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  • Question

  • Dear friends,

    I am looking for a clear explanation of the schemas and dbo schema.
    It's hard to find anything understandable.
    Thank you very much.

    Anna

    Sunday, November 4, 2018 7:10 PM

Answers

  • Hi Anna,

     

    A schema is defined as a collection of database objects that are owned by a single user and form a single namespace.

     

    A namespace is a set of objects that can’t have duplicate names. For example, two tables can have the same name only if they are in separate schemas, so no two tables in the same schema can have the same name. You can think of a schema as a container of objects.

     

    The dbo schema is the default schema for a newly created database. When you create a user, you can specify a default schema if you want, but the default for the default schema is the dbo schema. The dbo schema is owned by the dbo user account.

     

    For detailed information about dbo schema, please refer to:

     

    The dbo Schema

     

    For a simple schema example: You creates a schema called test, which is user UserA’s default schema. Then you GRANT CREATE TABLE TO UserA. Supposed that UserA creates a table:

     

    CREATE TABLE Adv (id int)

     

    This table is placed in UserA’s default schema, which may be the schema "test". If another user which is not with test as default schema wants to retrieve data from this table, he can issue this statement(specify the schema):

     

    SELECT id FROM test.Adv

     

    Best Regards,

    Emily


    MSDN Community Support
    Please remember to click "Mark as Answer" the responses that resolved your issue, and to click "Unmark as Answer" if not. This can be beneficial to other community members reading this thread. If you have any compliments or complaints to MSDN Support, feel free to contact MSDNFSF@microsoft.com


    Monday, November 5, 2018 2:47 AM
  • I think that a schema is a container for  the database objects .You may have one or multiple schemas in a database. The user is only associated with the schema of the same name and often the terms will be used interchangeably. Basically, any user who creates an object has just created it in her own schema unless she specifically instructs it to be created in another one. So, based on a user's privileges within the database, the user has control over objects that are created, manipulated, and deleted

    Best Regards,Uri Dimant SQL Server MVP, http://sqlblog.com/blogs/uri_dimant/

    MS SQL optimization: MS SQL Development and Optimization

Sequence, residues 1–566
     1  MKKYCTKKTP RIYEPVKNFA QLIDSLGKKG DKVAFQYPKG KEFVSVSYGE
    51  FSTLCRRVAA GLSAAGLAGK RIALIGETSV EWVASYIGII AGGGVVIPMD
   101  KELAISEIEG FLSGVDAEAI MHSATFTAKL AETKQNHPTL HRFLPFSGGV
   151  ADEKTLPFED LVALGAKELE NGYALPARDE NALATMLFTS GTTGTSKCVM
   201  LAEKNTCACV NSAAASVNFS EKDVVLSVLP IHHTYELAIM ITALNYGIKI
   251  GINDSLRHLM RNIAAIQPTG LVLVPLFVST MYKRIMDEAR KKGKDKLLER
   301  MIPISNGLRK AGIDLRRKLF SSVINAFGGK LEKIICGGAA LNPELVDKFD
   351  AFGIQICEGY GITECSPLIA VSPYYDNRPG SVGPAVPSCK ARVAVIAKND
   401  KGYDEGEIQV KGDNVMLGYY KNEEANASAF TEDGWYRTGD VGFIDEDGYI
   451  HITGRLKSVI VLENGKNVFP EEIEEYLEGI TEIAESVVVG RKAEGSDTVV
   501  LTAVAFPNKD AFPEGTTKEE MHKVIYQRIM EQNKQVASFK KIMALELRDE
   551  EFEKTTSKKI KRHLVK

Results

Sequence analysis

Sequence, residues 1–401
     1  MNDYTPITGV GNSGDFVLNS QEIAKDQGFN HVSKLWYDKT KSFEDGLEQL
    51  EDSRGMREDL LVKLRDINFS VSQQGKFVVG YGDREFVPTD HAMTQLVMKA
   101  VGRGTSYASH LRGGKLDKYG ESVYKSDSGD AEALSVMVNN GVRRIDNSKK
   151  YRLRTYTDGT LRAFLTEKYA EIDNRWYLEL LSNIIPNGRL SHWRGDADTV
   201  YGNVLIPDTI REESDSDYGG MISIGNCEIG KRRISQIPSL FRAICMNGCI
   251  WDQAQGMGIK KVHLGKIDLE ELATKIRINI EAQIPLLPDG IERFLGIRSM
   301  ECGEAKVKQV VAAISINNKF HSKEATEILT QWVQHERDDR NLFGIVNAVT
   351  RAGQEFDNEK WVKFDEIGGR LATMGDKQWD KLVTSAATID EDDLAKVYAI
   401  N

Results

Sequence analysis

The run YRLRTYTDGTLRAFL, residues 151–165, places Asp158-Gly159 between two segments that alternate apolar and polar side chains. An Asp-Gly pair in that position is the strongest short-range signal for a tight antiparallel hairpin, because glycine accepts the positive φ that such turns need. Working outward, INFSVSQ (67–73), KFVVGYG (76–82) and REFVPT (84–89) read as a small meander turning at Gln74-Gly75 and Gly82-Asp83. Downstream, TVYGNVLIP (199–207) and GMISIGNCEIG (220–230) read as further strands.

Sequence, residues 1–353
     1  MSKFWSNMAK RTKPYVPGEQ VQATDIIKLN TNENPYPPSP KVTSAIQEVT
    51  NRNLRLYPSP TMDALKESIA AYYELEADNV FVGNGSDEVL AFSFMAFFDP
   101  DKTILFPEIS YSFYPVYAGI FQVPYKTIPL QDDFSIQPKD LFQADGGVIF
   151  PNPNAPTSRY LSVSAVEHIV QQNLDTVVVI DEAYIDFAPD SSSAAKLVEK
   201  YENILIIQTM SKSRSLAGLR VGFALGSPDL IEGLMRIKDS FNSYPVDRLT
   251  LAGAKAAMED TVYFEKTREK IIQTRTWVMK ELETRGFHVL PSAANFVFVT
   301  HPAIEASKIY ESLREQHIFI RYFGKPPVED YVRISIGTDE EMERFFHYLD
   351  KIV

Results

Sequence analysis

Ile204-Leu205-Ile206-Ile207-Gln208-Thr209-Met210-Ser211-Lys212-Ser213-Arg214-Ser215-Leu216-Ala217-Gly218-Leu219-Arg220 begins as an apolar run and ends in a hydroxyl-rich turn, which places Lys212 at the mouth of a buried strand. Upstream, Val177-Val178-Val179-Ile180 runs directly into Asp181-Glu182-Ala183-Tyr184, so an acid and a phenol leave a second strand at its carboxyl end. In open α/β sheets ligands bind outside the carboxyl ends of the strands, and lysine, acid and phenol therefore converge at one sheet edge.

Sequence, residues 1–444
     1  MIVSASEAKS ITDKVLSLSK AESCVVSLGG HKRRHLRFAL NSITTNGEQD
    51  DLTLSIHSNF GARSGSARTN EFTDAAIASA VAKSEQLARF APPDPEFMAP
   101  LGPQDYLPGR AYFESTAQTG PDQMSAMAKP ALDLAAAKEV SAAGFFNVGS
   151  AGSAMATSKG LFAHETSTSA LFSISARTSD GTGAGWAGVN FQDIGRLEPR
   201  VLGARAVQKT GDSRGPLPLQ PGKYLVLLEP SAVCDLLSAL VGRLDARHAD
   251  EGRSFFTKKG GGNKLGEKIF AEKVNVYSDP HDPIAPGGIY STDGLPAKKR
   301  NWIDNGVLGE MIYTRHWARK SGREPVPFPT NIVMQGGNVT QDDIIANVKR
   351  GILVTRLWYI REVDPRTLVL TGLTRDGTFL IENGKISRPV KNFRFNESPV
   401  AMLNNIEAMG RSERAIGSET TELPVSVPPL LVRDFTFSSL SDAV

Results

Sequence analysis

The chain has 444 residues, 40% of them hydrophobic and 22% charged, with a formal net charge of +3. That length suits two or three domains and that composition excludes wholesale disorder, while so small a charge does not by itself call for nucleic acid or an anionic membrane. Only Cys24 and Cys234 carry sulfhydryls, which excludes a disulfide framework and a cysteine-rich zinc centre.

MS SQL Consulting: Large scale of database and data cleansing
    Remote DBA Services: Improves MS SQL Database Performance
    SQL Server Integration Services: Business Intelligence


    Monday, November 5, 2018 6:17 AM

All replies

  • Hi Anna,

     

    A schema is defined as a collection of database objects that are owned by a single user and form a single namespace.

     

    A namespace is a set of objects that can’t have duplicate names. For example, two tables can have the same name only if they are in separate schemas, so no two tables in the same schema can have the same name. You can think of a schema as a container of objects.

     

    The dbo schema is the default schema for a newly created database. When you create a user, you can specify a default schema if you want, but the default for the default schema is the dbo schema. The dbo schema is owned by the dbo user account.

     

    For detailed information about dbo schema, please refer to:

     

    The dbo Schema

     

    For a simple schema example: You creates a schema called test, which is user UserA’s default schema. Then you GRANT CREATE TABLE TO UserA. Supposed that UserA creates a table:

     

    CREATE TABLE Adv (id int)

     

    This table is placed in UserA’s default schema, which may be the schema "test". If another user which is not with test as default schema wants to retrieve data from this table, he can issue this statement(specify the schema):

     

    SELECT id FROM test.Adv

     

    Best Regards,

    Emily


    MSDN Community Support
    Please remember to click "Mark as Answer" the responses that resolved your issue, and to click "Unmark as Answer" if not. This can be beneficial to other community members reading this thread. If you have any compliments or complaints to MSDN Support, feel free to contact MSDNFSF@microsoft.com


    Monday, November 5, 2018 2:47 AM
  • I think that a schema is a container for  the database objects .You may have one or multiple schemas in a database. The user is only associated with the schema of the same name and often the terms will be used interchangeably. Basically, any user who creates an object has just created it in her own schema unless she specifically instructs it to be created in another one. So, based on a user's privileges within the database, the user has control over objects that are created, manipulated, and deleted

    Best Regards,Uri Dimant SQL Server MVP, http://sqlblog.com/blogs/uri_dimant/

    MS SQL optimization: MS SQL Development and Optimization
    MS SQL Consulting: Large scale of database and data cleansing
    Remote DBA Services: Improves MS SQL Database Performance
    SQL Server Integration Services: Business Intelligence


    Monday, November 5, 2018 6:17 AM